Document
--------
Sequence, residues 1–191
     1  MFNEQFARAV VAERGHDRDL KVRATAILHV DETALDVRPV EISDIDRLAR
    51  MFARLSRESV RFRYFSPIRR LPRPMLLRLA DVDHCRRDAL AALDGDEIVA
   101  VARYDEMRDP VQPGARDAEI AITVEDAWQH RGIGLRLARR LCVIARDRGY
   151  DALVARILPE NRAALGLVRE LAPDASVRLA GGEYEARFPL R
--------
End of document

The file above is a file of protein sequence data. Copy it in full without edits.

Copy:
Sequence, residues 1–191
     1  MFNEQFARAV VAERGHDRDL KVRATAILHV DETALDVRPV EISDIDRLAR
    51  MFARLSRESV RFRYFSPIRR LPRPMLLRLA DVDHCRRDAL AALDGDEIVA
   101  VARYDEMRDP VQPGARDAEI AITVEDAWQH RGIGLRLARR LCVIARDRGY
   151  DALVARILPE NRAALGLVRE LAPDASVRLA GGEYEARFPL R